Bone Marrow Lesions are Associated with Pain in Knee Osteoarthritis
In a cross-sectional observational study, Felson, et al (Ann Intern Med 134:541, 2001) evaluated 401 persons with knee osteoarthritis to determine whether bone marrow lesions were associated with pain in knee osteoarthritis (OA). The size of bone marrow lesions was determined by MRI using coronal T2-weighted fat-saturated images. Participants were asked to complete a visual analogue scale for pain and to fill out the Western Ontario and McMaster Universities Osteoarthritis Index (WOMAC). These scores were used to assess severity of knee pain and disability.
77.5% (272 of 351) of patients with knee pain had MRI evidence of bone marrow lesions compared with only 30% (15 of 50) of patients without knee pain (P<0.001). Large bone marrow lesions were found in 35.9% of patients having knee pain compared to only 2% of patients without knee pain. No correlation was found between the severity of knee pain and the presence of these lesions. The association of knee pain with bone marrow lesions remained significant even after adjustment for age, gender, and severity of radiographic disease.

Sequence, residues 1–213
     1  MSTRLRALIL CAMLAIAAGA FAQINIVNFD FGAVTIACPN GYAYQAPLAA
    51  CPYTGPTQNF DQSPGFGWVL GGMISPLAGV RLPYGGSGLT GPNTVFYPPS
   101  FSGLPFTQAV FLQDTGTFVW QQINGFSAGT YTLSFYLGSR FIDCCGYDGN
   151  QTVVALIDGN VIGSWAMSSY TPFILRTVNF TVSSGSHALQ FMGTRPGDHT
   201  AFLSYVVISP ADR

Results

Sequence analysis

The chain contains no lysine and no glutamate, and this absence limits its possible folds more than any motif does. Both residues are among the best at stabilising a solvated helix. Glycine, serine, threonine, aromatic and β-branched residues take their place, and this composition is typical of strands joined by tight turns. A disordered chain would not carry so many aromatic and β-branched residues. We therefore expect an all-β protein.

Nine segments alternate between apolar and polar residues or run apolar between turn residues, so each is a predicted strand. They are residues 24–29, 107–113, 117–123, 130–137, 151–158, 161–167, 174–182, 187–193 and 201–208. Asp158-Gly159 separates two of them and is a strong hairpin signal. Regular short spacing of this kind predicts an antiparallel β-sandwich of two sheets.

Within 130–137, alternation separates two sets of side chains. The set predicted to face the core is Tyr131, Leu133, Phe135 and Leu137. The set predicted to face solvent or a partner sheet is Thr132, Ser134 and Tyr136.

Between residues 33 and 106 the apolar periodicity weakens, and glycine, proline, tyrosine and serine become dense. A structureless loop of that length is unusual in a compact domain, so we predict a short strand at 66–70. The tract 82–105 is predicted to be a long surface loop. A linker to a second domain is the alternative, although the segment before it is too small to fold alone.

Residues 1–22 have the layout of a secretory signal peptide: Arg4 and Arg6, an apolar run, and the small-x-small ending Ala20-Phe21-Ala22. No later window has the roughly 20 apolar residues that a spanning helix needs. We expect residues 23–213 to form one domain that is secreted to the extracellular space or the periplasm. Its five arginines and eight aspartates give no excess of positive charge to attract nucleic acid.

These data indicate that bone marrow edema is found in most patients with painful osteoarthritis of the knee. Therefore, edematous changes in the subcortical bone marrow can be a source of pain in OA patients.
Editorial Comment: The source of pain in knee OA is not well understood but is likely to be multifactorial. Cartilage degradation is a primary manifestation of OA but is unlikely to be the source of pain since cartilage has no innervation. The frequency of bone marrow lesions, and their association with pain, in knee OA advances our understanding of the cause of pain in this disease.